Modelling residential tenants’ choices with a grave as a negative externality
Akinbogun, Solomon Pelumi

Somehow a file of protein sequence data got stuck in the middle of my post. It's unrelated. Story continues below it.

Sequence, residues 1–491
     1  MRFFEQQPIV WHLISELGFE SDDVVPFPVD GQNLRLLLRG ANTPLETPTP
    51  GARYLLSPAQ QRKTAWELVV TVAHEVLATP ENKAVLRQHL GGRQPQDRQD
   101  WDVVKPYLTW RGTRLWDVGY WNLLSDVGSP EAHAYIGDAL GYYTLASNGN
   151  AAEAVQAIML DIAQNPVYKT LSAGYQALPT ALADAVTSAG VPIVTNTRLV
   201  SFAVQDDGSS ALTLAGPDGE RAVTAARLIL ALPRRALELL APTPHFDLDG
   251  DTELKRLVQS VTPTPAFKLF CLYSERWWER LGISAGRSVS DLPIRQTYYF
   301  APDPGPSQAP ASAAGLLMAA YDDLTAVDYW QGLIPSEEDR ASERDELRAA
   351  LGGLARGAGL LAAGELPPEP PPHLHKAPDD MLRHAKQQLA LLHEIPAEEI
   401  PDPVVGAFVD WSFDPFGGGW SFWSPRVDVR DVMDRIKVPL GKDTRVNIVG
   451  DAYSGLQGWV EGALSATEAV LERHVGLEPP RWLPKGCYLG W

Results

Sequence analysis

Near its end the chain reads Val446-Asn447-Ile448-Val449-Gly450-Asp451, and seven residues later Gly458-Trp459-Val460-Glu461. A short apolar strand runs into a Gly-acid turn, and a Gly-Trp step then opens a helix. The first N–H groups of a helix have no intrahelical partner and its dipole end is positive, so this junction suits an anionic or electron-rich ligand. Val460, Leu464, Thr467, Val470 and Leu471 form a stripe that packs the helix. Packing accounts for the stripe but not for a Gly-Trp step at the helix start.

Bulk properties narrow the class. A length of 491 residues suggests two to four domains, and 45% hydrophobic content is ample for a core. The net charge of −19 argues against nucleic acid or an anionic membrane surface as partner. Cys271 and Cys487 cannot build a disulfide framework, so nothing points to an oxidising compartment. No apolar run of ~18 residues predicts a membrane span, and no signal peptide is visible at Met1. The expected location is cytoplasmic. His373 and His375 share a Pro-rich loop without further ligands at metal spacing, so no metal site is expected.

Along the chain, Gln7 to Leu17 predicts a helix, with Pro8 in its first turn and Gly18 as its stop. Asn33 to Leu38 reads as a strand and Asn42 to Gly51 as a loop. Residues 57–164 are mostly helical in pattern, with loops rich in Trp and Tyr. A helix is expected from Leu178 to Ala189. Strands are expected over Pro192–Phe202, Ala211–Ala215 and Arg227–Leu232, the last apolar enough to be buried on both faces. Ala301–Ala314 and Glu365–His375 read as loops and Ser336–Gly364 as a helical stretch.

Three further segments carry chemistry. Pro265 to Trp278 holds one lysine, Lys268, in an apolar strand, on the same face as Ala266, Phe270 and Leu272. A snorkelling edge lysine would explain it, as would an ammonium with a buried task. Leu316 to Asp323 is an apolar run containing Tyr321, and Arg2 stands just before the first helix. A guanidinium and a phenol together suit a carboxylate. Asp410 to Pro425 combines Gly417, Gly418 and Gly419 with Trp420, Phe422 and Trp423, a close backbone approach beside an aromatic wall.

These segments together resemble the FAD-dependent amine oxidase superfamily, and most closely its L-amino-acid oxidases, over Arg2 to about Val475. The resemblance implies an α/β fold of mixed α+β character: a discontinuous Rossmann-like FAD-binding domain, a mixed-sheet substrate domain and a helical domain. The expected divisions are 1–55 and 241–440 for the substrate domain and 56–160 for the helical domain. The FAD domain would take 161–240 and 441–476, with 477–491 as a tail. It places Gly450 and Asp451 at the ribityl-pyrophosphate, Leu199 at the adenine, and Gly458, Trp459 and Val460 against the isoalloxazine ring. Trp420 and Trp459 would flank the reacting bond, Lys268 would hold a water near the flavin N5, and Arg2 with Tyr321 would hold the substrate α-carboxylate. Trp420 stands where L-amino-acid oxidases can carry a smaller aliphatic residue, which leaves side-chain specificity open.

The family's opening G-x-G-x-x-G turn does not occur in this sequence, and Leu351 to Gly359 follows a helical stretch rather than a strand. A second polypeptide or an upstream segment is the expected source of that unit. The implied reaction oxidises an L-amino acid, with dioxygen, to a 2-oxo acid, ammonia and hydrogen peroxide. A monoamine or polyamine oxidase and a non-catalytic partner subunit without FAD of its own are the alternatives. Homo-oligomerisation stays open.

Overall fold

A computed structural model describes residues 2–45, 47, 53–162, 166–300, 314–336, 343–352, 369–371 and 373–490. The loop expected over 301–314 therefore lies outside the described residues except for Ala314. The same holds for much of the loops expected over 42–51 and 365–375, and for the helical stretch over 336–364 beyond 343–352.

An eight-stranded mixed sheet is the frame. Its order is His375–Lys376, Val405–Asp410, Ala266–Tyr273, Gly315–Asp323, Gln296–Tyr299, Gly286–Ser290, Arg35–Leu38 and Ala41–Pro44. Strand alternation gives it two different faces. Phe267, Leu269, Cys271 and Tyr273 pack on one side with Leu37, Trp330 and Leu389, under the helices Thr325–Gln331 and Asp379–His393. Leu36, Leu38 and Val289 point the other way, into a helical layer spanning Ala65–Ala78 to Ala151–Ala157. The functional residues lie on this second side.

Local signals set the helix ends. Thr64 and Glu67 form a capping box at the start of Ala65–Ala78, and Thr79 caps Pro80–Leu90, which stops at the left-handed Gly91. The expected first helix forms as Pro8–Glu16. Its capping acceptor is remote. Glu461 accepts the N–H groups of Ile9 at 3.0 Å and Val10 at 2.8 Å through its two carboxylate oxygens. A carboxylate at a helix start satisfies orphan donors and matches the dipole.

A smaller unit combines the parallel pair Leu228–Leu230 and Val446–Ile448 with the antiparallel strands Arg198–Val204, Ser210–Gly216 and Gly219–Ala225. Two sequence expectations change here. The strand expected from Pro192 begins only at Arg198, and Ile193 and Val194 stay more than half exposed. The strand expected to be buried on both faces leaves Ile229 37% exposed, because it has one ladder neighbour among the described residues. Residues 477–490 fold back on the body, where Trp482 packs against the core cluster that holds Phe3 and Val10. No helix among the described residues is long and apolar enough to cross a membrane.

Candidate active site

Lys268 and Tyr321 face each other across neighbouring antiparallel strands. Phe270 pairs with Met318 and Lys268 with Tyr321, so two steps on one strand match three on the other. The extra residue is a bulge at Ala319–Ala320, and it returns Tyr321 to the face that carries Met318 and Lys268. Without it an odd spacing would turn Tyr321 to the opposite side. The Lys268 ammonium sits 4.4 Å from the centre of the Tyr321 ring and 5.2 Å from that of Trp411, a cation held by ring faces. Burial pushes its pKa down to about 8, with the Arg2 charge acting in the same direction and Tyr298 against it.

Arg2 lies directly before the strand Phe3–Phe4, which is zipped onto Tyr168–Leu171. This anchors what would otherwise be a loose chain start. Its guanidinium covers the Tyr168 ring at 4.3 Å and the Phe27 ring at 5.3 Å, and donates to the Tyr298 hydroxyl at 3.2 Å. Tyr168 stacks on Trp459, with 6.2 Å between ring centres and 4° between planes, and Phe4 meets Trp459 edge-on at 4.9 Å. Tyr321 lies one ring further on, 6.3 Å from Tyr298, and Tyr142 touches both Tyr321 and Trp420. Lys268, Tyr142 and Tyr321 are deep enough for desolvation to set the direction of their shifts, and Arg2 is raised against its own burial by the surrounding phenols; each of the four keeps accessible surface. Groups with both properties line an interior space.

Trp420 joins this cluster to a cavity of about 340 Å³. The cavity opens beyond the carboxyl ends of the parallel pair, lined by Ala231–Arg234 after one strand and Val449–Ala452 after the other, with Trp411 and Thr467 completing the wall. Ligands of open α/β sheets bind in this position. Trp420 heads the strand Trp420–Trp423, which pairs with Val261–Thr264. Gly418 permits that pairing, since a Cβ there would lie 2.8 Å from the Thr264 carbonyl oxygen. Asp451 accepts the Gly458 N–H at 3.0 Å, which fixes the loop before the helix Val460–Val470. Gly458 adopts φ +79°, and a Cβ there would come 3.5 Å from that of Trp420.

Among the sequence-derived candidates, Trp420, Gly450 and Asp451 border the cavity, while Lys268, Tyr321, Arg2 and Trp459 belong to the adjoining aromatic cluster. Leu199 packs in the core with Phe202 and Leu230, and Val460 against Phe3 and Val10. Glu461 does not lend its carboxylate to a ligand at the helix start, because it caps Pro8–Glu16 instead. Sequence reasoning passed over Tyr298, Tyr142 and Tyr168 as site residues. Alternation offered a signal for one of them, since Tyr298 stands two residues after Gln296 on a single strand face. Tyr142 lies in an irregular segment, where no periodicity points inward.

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Economic theory considers every household as a rational being operating by the principles of bounded rationality to make a home choice with optimum utility in the residential market. This study investigates the impact of the negative externality of a grave on tenants' residential choice. Using Stated Preference method, the study examines three inter-twined problems of residential choice, willingness to pay and market regulatory mechanism. First, is the question on whether the location of a grave within a home affects tenants' residential choice and social welfare? It hypothesized that there is no significant relationship between income, education, family size and accessibility on the choice of home with grave. Second, is the question on economic value of a grave on a residential property's rent? Third, is the question on the efficiency of the Environmental Health law regulating the residential market? Fourth, is the question on the adequacy of neoclassical economics solution to the negative externality of a grave on residential property. The research methodology is dominantly quantitative. In particular, it applies choice modelling in an experimental study agenda to explore the effect of a residential property with a grave on tenants' residential choice and rent. It also examines tenants' sensitivity to a rent discount on a home with a grave in different parts namely, frontage, side, backyard and room. The context is the Private Renter Sector within the informal residential market in Akure, a State capital city in Southwestern Nigeria. To achieve these raison d'êtres, respondents are presented with discrete residential choices developed by Sawtooth software in a stochastic process. The choice context requires some moment of trade-off to reach a stated choice decision, which reveals tenants' WTP. Data analysis involves the use of basic probabilistic models; namely ordinary least square (OLS) and multinomial logit model (MNL). It progresses to the application of a Hierarchical Bayes (HB) model for a more robust and reliable parameter estimates The study reveals that most of the respondents prefer a choice of un-impacted property. The fixed choice model estimates shows that the majority of them would protect their social welfare by WTP 10 percent above the open market value of a property without a grave. Parameter estimates show that preference varies with respect to different locations of a grave within a residential property. Tenants most prefer a property with a grave at the backyard; this is followed by a preference for a home with a grave at the side, frontage and in a room respectively. The model's distribution of WTP estimates shows that a residential property with a grave would lose between 15 and 20 percent in rental. Sensitivity analysis shows that tenants' responsiveness to a high rent discount on residential property with a grave is inelastic; thus exposing the limitation of a neoclassical economics approach to welfare issues. Parameter estimates on attributes importance and contribution to the residential choice decision show that rent, accessibility and other variables all pale into insignificance in the face of the grave factor. The property market regulatory mechanism exemplified by the Environmental Health Law shows ambivalence and lack of definiteness in its exception to the rule. In conclusion, the study noted that the negative externality of a grave on residential property emerges from the violation of property right and partly the law. It problematizes the law and its' implementation as crucial to tenants' residential choice, rental value and welfare. Consequently, it argues for remedies from both legal perspective and market process; and advances a course for reappraisal of the Burial on Private on Premises Law. Ultimately, it argues for a welfare approach as exemplified in planning values to strike a healthy balance between land use for graves, residential choice, rental and social welfare.